WUHAN, CHINA – MAY 25: (CHINA OUT) Participants wear protective masks as they look around the BMW Ix3 during the 2023 Central China International Auto Show on May 25, 2023 in Wuhan, Hubei Province, China. More than 80 brands took part in the 2023 Central China International Auto Show, which began on Thursday. According to local reports, more than 40 brands of electric vehicles participated in the exhibition. (Photo from Getty Images)
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German automaker BMW Group said diversifying its supply chains away from China does not mean it is leaving the country entirely.
“We always try to diversify our risks. That doesn’t mean leaving a country or a particular region,” CEO Oliver Zipse told CNBC’s Martin Soong in an exclusive interview.
“The BMW Vision Neue Klasse in particular will not be a small piece. So we need big suppliers – we need more than one anyway,” Zipse said during the Japan Mobility Show 2023. BMW unveiled its new Vision Neue class electric concept car in September to take on Tesla.
BMW will not leave China, he said, adding that free trade is “fundamental to our business model.”
In July, Germany urged companies to reduce risk from China, warning that Beijing’s economic strategy aims to reduce dependence on other countries while increasing the dependence of international production chains on China.
“For Germany, China remains a partner, a competitor, a systemic rival. But the aspect of systemic rivalry has become increasingly prominent in recent years,” said German Foreign Minister Annalena Baerbock had said at that time.
“This has implications for European and global security,” said a 64-page report from the German Foreign Ministry.
Earlier this month, the European Union launched an investigation into subsidies for Chinese-made electric vehicles exported to Europe after a surge in EU imports of such vehicles from China.
European Commission President Ursula von der Leyen said on September 13 that the “global market is being flooded with cheaper electric vehicles at “artificially low” prices due to “huge government subsidies.”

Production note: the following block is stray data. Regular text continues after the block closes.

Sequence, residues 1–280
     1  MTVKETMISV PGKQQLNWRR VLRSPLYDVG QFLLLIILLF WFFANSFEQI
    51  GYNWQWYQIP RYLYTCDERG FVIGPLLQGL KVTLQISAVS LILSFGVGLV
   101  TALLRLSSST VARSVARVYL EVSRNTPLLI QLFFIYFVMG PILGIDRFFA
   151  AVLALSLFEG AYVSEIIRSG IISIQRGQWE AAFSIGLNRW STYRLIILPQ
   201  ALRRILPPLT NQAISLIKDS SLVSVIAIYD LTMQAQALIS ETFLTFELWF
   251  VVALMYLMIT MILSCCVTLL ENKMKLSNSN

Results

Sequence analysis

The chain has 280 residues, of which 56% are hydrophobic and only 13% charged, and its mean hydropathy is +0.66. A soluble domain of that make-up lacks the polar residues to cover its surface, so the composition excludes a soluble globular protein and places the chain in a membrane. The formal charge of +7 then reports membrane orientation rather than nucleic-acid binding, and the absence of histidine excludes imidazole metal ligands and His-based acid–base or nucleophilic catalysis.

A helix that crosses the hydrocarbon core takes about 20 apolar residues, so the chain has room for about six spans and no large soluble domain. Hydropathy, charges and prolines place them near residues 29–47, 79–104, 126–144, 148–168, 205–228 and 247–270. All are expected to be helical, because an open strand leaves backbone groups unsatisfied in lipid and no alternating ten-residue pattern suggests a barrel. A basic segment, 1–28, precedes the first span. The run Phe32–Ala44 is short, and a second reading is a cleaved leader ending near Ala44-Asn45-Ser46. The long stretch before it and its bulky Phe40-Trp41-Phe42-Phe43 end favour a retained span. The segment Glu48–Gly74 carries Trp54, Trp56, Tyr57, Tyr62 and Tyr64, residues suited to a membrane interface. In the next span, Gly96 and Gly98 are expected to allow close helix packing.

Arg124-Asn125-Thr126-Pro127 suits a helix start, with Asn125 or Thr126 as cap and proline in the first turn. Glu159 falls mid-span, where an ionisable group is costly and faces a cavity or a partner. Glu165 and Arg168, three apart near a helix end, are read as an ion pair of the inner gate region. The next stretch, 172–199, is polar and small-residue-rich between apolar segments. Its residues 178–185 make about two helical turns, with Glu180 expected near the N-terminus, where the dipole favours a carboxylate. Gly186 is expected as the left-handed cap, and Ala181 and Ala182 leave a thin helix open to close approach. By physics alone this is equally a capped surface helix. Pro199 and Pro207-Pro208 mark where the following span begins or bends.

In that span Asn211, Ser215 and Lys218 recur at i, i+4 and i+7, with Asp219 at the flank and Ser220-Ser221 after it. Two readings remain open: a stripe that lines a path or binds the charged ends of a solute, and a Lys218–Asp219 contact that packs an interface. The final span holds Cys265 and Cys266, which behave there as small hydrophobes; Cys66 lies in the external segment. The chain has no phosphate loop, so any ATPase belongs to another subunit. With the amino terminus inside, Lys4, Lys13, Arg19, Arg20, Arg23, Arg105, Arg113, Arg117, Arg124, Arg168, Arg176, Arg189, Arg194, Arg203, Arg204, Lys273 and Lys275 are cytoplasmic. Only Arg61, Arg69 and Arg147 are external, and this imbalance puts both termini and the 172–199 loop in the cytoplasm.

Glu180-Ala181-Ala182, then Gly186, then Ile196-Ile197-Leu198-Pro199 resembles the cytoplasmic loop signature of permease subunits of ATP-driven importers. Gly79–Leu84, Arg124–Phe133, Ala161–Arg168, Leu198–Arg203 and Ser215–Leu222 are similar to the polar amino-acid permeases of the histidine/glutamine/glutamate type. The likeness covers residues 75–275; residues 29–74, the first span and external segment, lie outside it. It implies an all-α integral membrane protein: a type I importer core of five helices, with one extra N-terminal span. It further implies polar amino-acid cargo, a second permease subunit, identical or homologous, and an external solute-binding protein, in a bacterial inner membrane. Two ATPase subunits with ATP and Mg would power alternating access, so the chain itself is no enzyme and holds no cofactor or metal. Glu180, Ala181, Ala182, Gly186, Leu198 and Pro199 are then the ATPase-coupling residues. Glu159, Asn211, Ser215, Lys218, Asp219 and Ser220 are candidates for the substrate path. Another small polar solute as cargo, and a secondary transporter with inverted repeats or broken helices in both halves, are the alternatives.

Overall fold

“This could lead to the Commission imposing countervailing duties on EU imports of battery electric vehicles from China to offset government subsidies, where justified, and to create a level playing field,” it said in a statement published on October 4 the European Commission.
BMW makes cars, including electric vehicles, in China and exports them to Europe. According to the Center for Strategic & International Studies, thanks to the increasing competitiveness of Chinese electric vehicles, production cost advantages and large production capacity, China has become a global production and export center for electric vehicles such as BMW and Tesla.
In 2022, the German automaker opened its $2.2 billion factory in Shenyang with a strong focus on electric vehicle production.
BMW produces the iX3 EV in China and exports it to Europe and will export the electric Mini Cooper from next year, making it vulnerable to possible EU tariffs on imports from China.
In response to the EU investigation, Zipse said BMW was a “global player”.
“We are at home in Europe. We are at home in China. We are at home in the USA. We are of course even more at home here in Japan. That’s why we’re here. And we always promote and speak for it.” “Free trade worldwide,” said Zipse.
“This basic principle of a functioning economy and only free trade can really reduce our impact on the climate – with free trade, with technologies from all over the world, with free access to raw materials and, above all, their implementation in all technologies,” said Zipse.
According to a Reuters report, BMW Chief Financial Officer Walter Mertl said he did not support punitive tariffs, arguing that the EU investigation would cause more harm to automakers doing business in China and protect those that do not generate significant sales in China .
Source : www.cnbc.com